It is critically important for employers and employees alike to understand the basics of what a hostile work environment is and what it is not. Understanding these basics helps to ensure that employers do not allow their work culture and environments to become hostile and helps to inspire employers to take an active role in protecting their workers’ rights. From a worker perspective, understanding the basic ins and outs of hostile work environments can help to ensure that if one develops, it is promptly identified and properly confronted with the assistance of an experienced attorney.
As an experienced employment litigation lawyer – including those who practice at Eric Siegel Law – can confirm, “hostile work environment” is a legal term, not a subjective concept. Your workplace may be full of mean-spirited people and you may spend your commute dreading the day ahead. However, the fact that your workplace is a terrible place to spend your time doesn’t necessarily mean that it is a hostile work environment.
The U.S. Equal Employment Opportunity Commission broadly describes a hostile work environment as occurring when “unwelcome conduct that is based on race, color, religion, sex (including pregnancy), national origin, age (40 or older), disability or genetic information” affects an employee/employees and “enduring the offensive conduct becomes a condition of continued employment” or the conduct results in the creation of an environment “that a reasonable person would consider intimidating, hostile, or abusive.”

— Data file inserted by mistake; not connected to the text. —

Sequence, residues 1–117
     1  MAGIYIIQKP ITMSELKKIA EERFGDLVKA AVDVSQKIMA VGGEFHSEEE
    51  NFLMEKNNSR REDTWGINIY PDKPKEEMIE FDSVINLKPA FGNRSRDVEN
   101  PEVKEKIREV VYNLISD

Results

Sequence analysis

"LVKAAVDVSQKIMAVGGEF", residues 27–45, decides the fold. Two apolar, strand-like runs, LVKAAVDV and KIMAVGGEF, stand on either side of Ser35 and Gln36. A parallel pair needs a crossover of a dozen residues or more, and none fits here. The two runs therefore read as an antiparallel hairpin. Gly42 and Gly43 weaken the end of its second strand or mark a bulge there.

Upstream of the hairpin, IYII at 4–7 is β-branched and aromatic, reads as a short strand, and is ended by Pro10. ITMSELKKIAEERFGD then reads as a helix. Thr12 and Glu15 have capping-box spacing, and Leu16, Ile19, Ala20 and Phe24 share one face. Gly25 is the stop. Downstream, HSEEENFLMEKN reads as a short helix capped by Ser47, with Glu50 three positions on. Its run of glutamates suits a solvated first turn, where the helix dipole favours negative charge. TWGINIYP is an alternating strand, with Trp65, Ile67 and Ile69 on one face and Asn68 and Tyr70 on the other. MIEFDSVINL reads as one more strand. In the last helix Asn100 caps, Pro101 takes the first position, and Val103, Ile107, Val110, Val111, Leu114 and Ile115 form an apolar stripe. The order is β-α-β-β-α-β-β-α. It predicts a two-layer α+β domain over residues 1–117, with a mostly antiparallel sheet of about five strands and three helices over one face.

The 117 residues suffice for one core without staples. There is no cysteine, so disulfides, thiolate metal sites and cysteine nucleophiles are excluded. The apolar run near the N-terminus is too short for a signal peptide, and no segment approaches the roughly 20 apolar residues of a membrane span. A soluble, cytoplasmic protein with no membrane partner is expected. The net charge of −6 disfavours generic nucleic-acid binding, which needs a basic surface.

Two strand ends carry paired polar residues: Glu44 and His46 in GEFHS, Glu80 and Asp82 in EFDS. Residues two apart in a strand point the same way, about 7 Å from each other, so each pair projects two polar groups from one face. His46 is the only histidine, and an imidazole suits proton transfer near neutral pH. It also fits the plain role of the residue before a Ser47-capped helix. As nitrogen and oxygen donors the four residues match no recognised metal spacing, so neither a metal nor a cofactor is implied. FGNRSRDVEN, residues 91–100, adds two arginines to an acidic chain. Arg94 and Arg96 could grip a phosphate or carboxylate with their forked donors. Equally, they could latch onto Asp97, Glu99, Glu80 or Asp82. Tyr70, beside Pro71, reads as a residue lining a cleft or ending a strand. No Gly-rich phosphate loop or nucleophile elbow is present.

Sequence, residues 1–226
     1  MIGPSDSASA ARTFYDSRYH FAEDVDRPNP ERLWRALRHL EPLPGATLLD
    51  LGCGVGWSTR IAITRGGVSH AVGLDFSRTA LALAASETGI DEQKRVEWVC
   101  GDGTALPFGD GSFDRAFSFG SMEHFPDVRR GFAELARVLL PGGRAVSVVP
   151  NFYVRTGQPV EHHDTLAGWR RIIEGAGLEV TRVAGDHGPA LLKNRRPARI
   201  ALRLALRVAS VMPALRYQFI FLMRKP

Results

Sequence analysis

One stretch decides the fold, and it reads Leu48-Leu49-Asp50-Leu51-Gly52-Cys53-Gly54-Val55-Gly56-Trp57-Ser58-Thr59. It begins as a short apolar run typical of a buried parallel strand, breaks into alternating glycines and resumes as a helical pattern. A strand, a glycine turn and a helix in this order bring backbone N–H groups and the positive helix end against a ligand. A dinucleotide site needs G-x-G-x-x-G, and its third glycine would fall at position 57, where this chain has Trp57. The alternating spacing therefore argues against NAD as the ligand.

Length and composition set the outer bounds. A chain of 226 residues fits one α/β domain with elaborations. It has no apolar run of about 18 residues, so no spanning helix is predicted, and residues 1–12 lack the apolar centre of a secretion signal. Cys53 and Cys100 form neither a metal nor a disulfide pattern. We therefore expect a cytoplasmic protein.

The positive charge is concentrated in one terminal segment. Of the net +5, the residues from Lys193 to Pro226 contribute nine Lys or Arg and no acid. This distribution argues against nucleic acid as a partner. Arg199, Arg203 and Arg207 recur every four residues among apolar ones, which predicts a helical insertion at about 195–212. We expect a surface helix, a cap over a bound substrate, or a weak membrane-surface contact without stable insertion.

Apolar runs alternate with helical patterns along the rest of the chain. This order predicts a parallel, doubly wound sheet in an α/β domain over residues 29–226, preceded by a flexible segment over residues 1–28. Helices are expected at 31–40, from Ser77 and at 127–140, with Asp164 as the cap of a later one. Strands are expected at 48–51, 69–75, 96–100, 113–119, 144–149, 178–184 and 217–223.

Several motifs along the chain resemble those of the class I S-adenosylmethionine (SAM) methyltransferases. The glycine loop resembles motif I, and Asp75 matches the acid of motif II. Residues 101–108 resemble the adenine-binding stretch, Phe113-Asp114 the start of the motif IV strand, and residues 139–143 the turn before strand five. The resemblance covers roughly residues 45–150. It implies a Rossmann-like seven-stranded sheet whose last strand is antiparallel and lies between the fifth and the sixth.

What does this mean, practically speaking? Essentially, in order to be a victim of a hostile work environment, a victim must be a member of a “protected class” under the law. When that victim is subjected to unwelcome conduct based on that protective classification that is so extreme and/or repetitive that it makes continued employment intimidating, hostile, or abusive in the eyes of a reasonable person, the victim is likely facing a hostile work environment. If a victim is forced to endure the offending conduct as a continued condition of their employment, they are also likely facing a hostile work environment.
The offensive conduct in question varies in hostile work environment cases. Some workers have been subjected to repeated slurs, intimidation, put-downs, or offensive jokes, while others have faced threats and interference with their work performance. No two hostile work environments manifest in the exact same ways. Therefore, if you have questions about this subject, it is a good idea to seek legal guidance from a reputable attorney in your area who handles employment discrimination cases.